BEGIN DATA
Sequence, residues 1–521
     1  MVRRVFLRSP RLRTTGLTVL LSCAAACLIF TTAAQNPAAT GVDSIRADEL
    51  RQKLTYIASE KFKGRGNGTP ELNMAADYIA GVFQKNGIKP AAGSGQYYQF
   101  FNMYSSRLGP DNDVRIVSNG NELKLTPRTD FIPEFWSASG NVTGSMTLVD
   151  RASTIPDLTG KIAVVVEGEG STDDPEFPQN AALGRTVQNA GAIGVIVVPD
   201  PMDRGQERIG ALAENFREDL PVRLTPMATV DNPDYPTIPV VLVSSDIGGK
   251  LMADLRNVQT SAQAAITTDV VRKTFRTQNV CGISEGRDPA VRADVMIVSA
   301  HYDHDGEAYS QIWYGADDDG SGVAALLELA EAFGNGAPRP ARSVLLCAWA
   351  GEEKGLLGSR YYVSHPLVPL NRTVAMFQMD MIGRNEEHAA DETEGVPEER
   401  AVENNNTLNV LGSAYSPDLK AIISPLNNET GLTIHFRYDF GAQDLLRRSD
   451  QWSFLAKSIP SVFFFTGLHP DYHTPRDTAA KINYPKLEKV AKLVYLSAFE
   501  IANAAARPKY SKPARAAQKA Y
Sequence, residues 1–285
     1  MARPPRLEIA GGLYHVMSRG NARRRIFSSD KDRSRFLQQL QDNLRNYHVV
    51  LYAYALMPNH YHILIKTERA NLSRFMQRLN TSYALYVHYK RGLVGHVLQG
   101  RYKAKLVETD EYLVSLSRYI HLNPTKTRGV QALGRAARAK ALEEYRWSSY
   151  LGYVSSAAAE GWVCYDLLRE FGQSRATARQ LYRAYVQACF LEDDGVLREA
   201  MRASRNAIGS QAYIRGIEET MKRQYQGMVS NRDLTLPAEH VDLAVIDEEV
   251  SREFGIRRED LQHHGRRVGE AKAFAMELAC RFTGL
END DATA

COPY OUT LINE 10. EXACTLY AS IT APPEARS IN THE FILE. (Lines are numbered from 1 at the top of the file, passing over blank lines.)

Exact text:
   401  AVENNNTLNV LGSAYSPDLK AIISPLNNET GLTIHFRYDF GAQDLLRRSD